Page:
The tunnel currents are on the nA scale, and the distance between tip and sample are in the order of magnitude of a few nm. STM measurements require that the sample surface is atomically "clean". In air, it is only possible to obtain atomic resolution for certain samples. The easiest atomic grid to observe is that of an HOPG sample (Highly Oriented Pyrolytic Graphite) since the top layer from such a sample can be removed by means of a piece of adhesive tape, revealing for a short time an atomically "clean" surface. Therefore, such samples are often used as test structures for STM microscopes; all DME STMs are tested for atomic resolution with a HOPG sample as a part of our internal certificate of complience (CoC) test.
The STM scanning is very fast; for atomic resolution images you can usually achieve a scan rate of multiple images per second.
In this method also an conductive probe is used. Operating in DC mode, an DC bias is applied and the electric current between the tip and the sample is measured. The resulting resistance is caused by the spreading resistance and resistivity of the sample which also give information about the carrier distribution.
Note, that you have to scratch the surface of the sample with the tip to get a better electrical contact.
The typical radius of SPM sensors is in the order of 10 nm. So it is possible to perform lithography on a scale of only a few nanometers.
Doing a lithography means that physical or chemical properties of a sample's surface are being changed. This can be done in three different ways:
The main idea of the SPM program lithography function is to transfer the information of a bitmap via physical properties like a force, a voltage or a current to the surface. Depending in which mode (AFM-AC, AFM-DC, STM) the SPM is running, the physical property can be a bias or a current (STM), a force variation (AFM) or voltage at the auxiliary port of the controller (all modes). The Aux voltage can be converted into many other physical properties using external equipment.
Assume the surface of an AFM tip to about 100 nm2. If a tip with a force constant of 50 N/m is pressed 200 nm towards the surface, the resulting force equals about 10-5 N. The pressure applied to the surface is of about 100 GPa. This means that on almost any surface softer than the silicon tip, patterns may be scratched into the surface.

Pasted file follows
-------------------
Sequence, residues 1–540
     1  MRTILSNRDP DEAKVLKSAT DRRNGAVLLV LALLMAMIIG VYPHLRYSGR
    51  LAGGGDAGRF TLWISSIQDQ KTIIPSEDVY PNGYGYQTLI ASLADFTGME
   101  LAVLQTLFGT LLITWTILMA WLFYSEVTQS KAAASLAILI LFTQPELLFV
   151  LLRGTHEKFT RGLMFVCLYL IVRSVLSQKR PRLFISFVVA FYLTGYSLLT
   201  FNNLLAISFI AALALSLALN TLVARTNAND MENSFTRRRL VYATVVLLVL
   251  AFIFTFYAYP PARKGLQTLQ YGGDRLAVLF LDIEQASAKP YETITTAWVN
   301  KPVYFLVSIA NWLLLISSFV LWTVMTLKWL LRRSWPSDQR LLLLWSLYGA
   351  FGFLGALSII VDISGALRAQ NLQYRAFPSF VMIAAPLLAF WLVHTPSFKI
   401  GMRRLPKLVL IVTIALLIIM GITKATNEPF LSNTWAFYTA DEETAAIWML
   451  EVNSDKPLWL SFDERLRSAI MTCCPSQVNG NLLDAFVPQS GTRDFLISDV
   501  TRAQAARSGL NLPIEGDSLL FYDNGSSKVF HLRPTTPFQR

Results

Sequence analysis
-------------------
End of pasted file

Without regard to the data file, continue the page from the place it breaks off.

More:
Almost all Scanning Probe Microscopes are capable of resolving atomic height steps.
With the Semilab AFM Proberstation series, we provide the ultimate unification of ease of use and performance. Decade-lasting experience in the Scanning Probe Microscopy application field and manufacturing are united in the Semilab AFM scanners to help the user achieve the best and most reliable results in the shortest possible period of time. The compact design of the Semilab AFM scanner guarantees outstanding stability and scan rates. The unique plug and play cantilever exchange secures the fast and safe operation of the instrument. An integrated optical axis in the AFM scanner provides total visual control during approach and positioning. The Semilab AFM scanner provides the facilities for all common and advanced AFM modes. The integrated electronics in the scan head guarantee the lowest noise values in electrical AFM modes. Semilab AFM Proberstation series allows the installation of the Semilab AFM scanner into the stages and other facilities, like nanoindenters or optical microscopes.
The Atomic Force Microscope - Proberstation 1000 provides the possibility of investigating nearly all samples by Scanning Probe Microscopy. From a splitter of a coated wafer to a whole nano-coated surgical implant, the compact granite stage will surprise with its flexibilty.
Thereby, the design makes no compromises concerning stability.
Scanning atomic layers on a standrand writing desk is possible. The open tip scanner design gives room for free sample access and variety of selectable XY translators and special measurement stages as a temperature control stage or liquide cell. For exotically shaped sample we can provide customised illumination, sample stages and sample holder for request.
This small granite stage is an ultimate AFM work horse with unlimited upgrade abilities.
Ease of use:
Upgrade your light microscope to subatomic resolution with AFM Objective: the 15x objective which delivers nanometer resolution and 3D topography.
The AFM Objective in your optical microscope is the ticked for the world behind the defraction limit. The resolution is pushed far below sub-wavelength range to only a few nanometer or less. Additionally you benefit from the 3D topograpical data with a better resolution than CLSM ans STED microscopy.
Nano-manipulation and nano-lithography combined with the optical facilities of your microscope build a powerful combination. Because of the Semilab adaptor concept for the AFM Objective, the integration in all known microscope brands is possible.
Unchanged operation of hte light microscope with all its facilities is ensured.
Main application areas are microelectronics, material and biological sciences, etc.
Ease of use:
Atomic Force Microscope - AFM-2000 is an automated high-end Scanning Probe Microscopy platform for large samples.
Its long range XY translators allow the investigation of up to 300 mm samples and fragments at all positions. The fully programmable sample positioning enables autonomous AFM measurements on multiple sample positions with automatic image analysis and automatic report generation. The combination with high end optics enable on automated preselection of sample sites for SPM investigation.
Thereby the Semilab AFM-2000 setup is the optimal solution for industry quality maintenance application and R&D environments.
Ease of use:
AFM-3000 is the newest addition to the Semilab AFM family, offering a fully automated solution for 3D nano-imaging and defect inspection of wafers. This robust machine adheres to industrial standards for micro and nano-topology measurements and features a modern platform.
The Semilab AFM-3000 system is designed for various applications, including:
CMP Process Control:
Critical Dimension AFM:
The AFM-3000 is ideal for various industry quality control applications, including: